venerdì 7 dicembre 2012

Australia, the ethics courses continue, but will be "hidden" from the parents

Adrian Piccoli
The ethics courses in the schools of New South Wales, Australia, will continue, but the parents will be informed of their existence only after having renounced the religion class.

Adrian Piccoli, Minister of Education, has accepted the opinion of a committee, according to which ethics courses will be maintained as an alternative to the course of  Special Religious Education, but considers it appropriate to disclose to parents the existence of such courses only after they have expressed their intention to opt-out of the religion classes:
"Ethics classes can be promoted," said Piccoli, "but what it means in a technical sense as such, that when parents are asked the question 'do you want your child to do special religious education', that's the first question that gets asked and if they say no then they say, 'well you can either do other things or you can do ethics classes'."
Greens MP John Kaye has criticized this choice:
"Nothing in the Education Act, which was amended in late 2010 to include the right to have access to ethics, nothing in that act at all say we have to discriminate against ethics in this way." "(There's no need) to keep it hidden, in the back drawer, so that nobody knows about it at the time they make the decision."
The news of the continuation of the classes was taken with relief by Simon Longstaff, a member of the St James Ethics Centre, the institution in charge of organizing the courses. Longstaff, however, was surprised by the decision to "obscure" the courses:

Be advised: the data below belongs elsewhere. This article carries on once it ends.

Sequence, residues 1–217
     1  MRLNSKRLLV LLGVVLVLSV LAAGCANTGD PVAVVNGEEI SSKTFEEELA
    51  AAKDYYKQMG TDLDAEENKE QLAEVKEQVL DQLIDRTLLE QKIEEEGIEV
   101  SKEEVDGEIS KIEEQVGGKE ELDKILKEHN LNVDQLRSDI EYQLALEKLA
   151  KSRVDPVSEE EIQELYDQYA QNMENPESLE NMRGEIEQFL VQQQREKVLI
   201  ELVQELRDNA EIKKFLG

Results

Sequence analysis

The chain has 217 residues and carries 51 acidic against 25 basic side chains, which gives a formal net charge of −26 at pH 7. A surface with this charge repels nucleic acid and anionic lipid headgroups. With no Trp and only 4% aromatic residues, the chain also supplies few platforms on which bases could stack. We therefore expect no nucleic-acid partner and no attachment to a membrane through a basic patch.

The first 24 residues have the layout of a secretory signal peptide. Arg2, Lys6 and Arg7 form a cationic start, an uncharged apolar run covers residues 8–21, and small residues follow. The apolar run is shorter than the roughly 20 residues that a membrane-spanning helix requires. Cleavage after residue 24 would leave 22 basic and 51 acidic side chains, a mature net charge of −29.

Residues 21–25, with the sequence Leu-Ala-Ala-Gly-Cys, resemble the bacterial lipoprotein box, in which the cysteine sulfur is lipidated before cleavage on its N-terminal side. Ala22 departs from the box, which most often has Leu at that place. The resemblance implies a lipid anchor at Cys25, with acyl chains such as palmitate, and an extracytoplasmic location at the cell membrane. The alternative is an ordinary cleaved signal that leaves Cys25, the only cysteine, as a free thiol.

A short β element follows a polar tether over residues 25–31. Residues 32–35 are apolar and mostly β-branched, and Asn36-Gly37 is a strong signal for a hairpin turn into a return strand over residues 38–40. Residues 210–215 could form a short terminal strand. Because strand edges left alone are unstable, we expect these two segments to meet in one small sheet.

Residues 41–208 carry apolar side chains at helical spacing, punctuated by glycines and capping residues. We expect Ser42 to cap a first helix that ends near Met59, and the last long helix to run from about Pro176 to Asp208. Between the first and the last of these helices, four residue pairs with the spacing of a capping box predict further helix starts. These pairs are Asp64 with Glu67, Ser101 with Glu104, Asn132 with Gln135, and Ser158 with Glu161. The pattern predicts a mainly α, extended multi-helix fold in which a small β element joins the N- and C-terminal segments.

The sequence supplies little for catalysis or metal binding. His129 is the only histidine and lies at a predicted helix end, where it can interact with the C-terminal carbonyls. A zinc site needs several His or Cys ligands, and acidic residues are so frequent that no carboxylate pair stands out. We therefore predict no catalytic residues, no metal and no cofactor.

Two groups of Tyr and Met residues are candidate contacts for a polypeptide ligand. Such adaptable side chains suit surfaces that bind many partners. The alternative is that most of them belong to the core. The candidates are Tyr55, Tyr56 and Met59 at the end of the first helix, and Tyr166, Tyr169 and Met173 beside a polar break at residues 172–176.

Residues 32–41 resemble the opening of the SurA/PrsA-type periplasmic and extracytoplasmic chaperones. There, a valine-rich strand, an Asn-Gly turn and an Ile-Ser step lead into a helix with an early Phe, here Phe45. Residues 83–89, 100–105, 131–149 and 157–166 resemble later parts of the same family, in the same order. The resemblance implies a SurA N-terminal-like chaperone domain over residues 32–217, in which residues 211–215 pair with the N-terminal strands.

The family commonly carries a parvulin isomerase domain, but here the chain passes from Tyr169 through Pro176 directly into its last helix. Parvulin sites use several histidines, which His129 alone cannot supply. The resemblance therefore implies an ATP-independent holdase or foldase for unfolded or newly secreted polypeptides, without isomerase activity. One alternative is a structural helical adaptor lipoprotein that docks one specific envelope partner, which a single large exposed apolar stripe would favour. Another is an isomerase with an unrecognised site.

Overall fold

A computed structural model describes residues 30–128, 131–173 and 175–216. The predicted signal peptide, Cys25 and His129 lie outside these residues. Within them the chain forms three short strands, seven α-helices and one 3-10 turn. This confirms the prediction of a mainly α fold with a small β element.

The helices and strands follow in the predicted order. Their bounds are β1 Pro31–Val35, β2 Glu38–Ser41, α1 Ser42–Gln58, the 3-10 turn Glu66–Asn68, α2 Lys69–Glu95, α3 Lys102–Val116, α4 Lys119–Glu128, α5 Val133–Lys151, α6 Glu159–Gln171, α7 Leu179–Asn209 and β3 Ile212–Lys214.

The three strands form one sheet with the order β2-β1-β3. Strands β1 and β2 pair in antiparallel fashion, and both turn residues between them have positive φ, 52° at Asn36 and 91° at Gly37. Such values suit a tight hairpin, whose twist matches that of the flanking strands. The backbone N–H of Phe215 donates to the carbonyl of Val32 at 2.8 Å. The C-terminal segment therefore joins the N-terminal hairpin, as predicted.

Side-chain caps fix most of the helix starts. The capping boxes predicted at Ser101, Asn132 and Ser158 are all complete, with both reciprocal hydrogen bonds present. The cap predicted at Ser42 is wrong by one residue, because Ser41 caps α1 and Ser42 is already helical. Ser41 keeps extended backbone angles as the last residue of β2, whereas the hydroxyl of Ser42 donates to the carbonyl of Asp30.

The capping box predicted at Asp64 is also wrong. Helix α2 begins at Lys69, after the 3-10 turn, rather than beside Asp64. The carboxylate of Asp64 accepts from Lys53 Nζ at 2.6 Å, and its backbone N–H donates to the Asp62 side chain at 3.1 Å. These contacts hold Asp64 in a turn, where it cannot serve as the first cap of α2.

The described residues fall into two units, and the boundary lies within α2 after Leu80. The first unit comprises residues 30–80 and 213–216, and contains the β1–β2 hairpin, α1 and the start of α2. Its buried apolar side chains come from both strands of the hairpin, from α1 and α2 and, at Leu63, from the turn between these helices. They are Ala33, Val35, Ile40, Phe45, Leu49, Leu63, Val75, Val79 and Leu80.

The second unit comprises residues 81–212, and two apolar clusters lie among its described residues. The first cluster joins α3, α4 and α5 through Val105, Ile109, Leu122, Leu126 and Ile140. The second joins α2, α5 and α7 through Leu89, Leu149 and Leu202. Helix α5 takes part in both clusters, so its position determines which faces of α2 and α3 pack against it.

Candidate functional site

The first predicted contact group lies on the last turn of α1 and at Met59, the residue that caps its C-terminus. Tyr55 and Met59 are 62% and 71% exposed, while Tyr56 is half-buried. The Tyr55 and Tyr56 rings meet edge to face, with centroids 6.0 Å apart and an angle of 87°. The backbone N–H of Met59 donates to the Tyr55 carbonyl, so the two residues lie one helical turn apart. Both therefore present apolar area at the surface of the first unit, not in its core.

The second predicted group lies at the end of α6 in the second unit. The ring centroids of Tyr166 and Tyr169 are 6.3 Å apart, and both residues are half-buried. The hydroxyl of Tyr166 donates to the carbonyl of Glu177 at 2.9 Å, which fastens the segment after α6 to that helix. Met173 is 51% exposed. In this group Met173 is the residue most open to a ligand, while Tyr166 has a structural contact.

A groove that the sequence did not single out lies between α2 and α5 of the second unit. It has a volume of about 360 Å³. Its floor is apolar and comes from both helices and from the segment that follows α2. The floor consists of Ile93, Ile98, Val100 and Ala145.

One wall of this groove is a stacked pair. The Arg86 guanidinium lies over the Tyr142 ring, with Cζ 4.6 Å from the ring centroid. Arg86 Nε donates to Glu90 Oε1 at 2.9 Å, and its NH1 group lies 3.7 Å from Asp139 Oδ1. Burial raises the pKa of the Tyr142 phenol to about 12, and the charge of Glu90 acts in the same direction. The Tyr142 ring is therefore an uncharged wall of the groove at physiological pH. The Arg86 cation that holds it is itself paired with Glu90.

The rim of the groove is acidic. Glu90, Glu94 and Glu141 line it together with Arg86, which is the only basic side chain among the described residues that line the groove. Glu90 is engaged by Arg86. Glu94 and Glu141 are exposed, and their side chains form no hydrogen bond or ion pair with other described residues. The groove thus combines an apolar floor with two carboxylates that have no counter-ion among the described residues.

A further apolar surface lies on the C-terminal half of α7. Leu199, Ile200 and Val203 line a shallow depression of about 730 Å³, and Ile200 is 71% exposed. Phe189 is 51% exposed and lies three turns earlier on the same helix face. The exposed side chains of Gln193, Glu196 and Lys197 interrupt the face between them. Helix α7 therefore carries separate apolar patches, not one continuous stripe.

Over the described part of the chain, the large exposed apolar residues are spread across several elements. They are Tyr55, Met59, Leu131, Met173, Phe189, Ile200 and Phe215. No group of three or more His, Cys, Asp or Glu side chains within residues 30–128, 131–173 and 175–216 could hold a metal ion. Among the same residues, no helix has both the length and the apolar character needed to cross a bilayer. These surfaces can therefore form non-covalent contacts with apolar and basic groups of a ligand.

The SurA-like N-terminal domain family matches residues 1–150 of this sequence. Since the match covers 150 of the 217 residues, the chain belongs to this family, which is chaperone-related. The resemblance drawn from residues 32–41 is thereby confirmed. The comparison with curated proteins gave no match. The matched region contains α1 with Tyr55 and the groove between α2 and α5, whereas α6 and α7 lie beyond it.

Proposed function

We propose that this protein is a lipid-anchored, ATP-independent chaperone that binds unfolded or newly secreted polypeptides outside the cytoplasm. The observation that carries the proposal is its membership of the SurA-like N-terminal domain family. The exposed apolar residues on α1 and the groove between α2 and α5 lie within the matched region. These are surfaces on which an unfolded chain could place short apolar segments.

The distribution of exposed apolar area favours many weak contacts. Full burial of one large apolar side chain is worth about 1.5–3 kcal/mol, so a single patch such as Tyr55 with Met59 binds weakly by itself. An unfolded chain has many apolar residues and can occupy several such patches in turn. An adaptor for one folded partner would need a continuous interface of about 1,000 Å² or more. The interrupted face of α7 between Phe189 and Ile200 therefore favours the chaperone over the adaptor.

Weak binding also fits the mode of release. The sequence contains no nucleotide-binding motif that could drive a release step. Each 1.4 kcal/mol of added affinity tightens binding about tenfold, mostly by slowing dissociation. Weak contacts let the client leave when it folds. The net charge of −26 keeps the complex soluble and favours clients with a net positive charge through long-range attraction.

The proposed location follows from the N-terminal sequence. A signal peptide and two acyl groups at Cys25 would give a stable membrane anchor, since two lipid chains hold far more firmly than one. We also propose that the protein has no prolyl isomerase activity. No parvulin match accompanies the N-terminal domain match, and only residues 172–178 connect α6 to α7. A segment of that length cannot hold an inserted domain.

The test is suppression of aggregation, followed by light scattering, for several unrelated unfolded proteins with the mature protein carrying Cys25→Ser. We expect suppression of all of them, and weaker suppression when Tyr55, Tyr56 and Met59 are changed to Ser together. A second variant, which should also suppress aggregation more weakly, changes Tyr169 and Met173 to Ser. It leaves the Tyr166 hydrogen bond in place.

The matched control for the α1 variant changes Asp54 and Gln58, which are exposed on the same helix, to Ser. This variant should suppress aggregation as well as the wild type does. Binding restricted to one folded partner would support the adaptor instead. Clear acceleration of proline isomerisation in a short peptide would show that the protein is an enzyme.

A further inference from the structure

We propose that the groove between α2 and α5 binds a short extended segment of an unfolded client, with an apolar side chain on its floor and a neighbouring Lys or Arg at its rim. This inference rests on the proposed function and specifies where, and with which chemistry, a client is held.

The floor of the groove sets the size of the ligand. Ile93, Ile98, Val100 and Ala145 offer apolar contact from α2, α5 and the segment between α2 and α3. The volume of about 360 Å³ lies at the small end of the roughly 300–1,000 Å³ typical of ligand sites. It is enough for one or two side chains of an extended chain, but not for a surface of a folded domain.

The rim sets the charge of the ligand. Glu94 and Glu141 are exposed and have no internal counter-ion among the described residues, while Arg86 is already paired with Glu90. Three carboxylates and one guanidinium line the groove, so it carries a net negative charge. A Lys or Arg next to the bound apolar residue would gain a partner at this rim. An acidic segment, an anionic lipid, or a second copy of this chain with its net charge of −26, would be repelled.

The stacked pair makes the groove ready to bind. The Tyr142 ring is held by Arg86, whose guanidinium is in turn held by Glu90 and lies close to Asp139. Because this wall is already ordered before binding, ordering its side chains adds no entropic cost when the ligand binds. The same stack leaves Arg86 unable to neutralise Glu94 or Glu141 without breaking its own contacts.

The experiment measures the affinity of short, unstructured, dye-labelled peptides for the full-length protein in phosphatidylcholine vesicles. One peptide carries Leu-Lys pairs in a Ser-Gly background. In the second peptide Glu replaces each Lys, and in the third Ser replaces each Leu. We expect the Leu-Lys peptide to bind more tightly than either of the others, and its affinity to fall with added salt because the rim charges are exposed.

"There's something curious about not even telling people that an option exists until they have chosen something else. [...] It's a bit like having ethics classes within a sealed section within a magazine."
The St James Ethics Centre recruits and organizes volunteers for the lessons, attended by 7000 students. The ethics courses, as those of religion, are paid for through donations; donations to religious classes, however, are exempted from taxes, and the St James is trying to get the same recognition for donations in favour of ethics courses.

The ethics courses were introduced in schools of New South Wales in 2010, after a period of experimentation. as an elective alternative to courses on religion (also optional). At the time they encountered the opposition of the association that brings together the managers of the various religious courses. Six months after it was revealed that almost half of the students had left the religious courses to attend to those of ethics. The success of the Australian ethics courses brought, a few months ago, to the proposal to establish similar courses in France.

«Parents 'left in the dark' about ethics classes», ABC News, December 5th, 2012.

martedì 4 dicembre 2012

Betting on horses and the resurrection of Jesus (II)

Thomas Bayes (1701–1761)
In the last article I used a horse racing / mathematical problem to introduce Bayes' theorem in its odds-based form, ie the one using the ratio of the probability p that an event 'A' occurrs and of the probability 1-p that it does not occur: O (A) = p / (1-p).

At the end of that same article, I also promised a connection between this formulation of Bayes' theorem and the resurrection of Jesus. Obviously the key to this promise is found in the article immediately before, "On the validity of the testimony of the apostles about the resurrection of Jesus", in which I explained why the testimony of the apostles of Jesus about his resurrection is not an evidence strong enough to accept as true the hypothesis that a human being has risen from the dead. Now, with the help of Bayes' theorem, we can calculate how unlikely this hypothesis is.